Stefanos Geroulanos (NYU) discusses his recent book with
Alberto Toscano and Svenja Bromberg
12 June 2018
Richard Hoggart Building 137a
Jean Khalfa and Robert J.C. Young give the first Goldsmiths Annual Philosophy Lecture, on the hitherto unpublished and unavailable works of Frantz Fanon.
1 June 2018
LG02, Professor Stuart Hall Building
Since the publication of The Wretched of the Earth in 1961, Fanon’s work has been deeply significant for generations of intellectuals, philosophers and activists seeking to radically interrogate our understandings of violence, race, political subjectivity, mental illness and the challenges of decolonization. In CPCT’s first annual lecture, we are joined by the editors of the landmark collection Alienation and Freedom. This volume collects together unpublished and unavailable works comprising around half of Fanon’s entire output – which were previously inaccessible or thought to be lost. This book introduces audiences to a new Fanon, a more personal Fanon and one whose literary and psychiatric works, in particular, take centre stage. Khalfa and Young will explore how these writings provide new depth and complexity to our understanding of Fanon’s entire oeuvre, revealing more of his powerful thinking about identity, race and activism which remain remarkably prescient. The talk will shed new light on the work of a major 20th-century philosopher, and on newly available texts which oblige us to take a fresh look at the intellectual history of anti-colonial and post-colonial thought, as well as to address with Fanon some of the most pressing theoretical issues of our time.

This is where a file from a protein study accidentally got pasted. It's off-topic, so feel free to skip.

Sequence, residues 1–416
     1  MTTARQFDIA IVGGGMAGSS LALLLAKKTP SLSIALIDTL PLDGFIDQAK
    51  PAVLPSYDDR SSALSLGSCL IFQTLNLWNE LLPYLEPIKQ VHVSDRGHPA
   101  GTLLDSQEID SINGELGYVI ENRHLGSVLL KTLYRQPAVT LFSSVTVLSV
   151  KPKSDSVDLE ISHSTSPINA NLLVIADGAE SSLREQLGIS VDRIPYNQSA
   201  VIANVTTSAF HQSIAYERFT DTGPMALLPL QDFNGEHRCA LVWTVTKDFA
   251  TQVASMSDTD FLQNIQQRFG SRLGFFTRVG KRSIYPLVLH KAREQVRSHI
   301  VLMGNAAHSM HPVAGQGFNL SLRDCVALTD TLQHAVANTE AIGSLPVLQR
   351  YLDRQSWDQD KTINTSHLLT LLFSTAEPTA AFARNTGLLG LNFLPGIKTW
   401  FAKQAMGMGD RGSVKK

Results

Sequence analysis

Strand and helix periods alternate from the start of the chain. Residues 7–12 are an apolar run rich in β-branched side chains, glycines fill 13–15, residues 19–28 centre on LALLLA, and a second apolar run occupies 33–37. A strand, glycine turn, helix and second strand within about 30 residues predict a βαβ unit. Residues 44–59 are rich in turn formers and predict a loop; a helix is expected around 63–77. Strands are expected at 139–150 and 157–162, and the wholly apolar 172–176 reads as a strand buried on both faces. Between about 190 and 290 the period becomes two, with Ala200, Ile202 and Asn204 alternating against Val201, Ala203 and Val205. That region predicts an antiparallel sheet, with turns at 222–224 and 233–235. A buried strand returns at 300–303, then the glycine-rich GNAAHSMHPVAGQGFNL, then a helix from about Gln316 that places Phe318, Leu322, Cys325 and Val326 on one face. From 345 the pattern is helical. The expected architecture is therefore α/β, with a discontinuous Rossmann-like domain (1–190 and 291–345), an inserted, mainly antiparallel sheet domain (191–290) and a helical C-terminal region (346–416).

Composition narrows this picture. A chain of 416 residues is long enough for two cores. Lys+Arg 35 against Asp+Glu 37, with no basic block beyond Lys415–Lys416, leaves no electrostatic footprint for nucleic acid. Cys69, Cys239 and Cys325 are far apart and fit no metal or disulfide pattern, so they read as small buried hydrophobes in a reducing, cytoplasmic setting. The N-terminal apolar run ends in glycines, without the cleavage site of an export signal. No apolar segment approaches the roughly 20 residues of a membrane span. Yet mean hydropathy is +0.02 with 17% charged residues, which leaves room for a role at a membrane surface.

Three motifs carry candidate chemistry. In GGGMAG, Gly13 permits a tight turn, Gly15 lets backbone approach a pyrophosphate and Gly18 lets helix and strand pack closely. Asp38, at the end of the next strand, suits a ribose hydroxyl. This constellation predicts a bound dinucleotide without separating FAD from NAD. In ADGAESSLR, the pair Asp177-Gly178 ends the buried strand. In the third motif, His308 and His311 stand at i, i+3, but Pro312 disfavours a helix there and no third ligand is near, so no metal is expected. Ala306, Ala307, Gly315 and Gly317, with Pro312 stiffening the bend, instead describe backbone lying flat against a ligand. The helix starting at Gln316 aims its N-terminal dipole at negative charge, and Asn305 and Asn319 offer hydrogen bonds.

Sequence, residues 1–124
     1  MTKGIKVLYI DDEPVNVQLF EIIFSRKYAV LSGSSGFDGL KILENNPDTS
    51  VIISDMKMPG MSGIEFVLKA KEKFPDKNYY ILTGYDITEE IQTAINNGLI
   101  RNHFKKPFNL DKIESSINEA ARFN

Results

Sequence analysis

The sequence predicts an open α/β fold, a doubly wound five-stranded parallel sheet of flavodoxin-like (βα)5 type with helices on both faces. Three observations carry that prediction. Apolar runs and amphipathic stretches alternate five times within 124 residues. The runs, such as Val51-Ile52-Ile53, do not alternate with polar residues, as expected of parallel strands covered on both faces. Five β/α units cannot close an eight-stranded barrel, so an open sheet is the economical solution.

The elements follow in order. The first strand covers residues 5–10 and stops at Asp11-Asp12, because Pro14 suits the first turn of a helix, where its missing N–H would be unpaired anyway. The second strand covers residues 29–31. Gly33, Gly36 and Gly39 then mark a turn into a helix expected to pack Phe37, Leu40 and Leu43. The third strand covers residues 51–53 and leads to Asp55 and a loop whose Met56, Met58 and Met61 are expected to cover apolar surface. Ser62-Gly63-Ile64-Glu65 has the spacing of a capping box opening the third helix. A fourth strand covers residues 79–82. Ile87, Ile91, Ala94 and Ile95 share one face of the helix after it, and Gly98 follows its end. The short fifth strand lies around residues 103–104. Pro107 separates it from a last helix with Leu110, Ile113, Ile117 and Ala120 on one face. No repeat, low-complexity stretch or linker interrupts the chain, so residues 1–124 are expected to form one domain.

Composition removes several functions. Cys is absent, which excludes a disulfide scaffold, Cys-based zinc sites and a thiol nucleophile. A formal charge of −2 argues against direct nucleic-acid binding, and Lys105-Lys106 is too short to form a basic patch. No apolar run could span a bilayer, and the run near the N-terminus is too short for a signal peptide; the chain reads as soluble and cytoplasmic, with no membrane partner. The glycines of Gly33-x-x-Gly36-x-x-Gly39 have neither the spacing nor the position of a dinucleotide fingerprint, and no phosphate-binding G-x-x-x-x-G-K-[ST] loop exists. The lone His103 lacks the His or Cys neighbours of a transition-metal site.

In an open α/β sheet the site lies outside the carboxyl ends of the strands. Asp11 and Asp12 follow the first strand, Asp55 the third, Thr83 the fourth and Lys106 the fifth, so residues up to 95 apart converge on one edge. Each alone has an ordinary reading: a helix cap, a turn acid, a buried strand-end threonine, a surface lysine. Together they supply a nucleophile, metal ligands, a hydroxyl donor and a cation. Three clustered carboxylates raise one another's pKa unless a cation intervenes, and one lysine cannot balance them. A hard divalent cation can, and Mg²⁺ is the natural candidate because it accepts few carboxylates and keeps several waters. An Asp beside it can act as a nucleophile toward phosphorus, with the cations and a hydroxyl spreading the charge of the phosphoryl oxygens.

The lecture will be followed by a response by Jane Hiddleston and will also feature a performance-reading of excerpts from the two plays by Fanon included in Alienation & Freedom: The Drowning Eye and Parallel Hands. Continue reading →
Friday 11 May 2018 at 2 – 5.30pm
ICA, The Mall, London, SW1Y 5AH
in the Studio
Following rich and stimulating sessions on Mallarmé, Bataille and Blanchot, Maladies of the Book continues with an afternoon symposium on Samuel Beckett, the great prose-poet of cosmic textual exhaustion. We will begin with a reading of the crucial late text Company, led by Dani Caselli, and be followed by meditations from Derval Tubridy and Andrew Renton on Beckett’s complex and variegated relationship to the visual arts and other matters.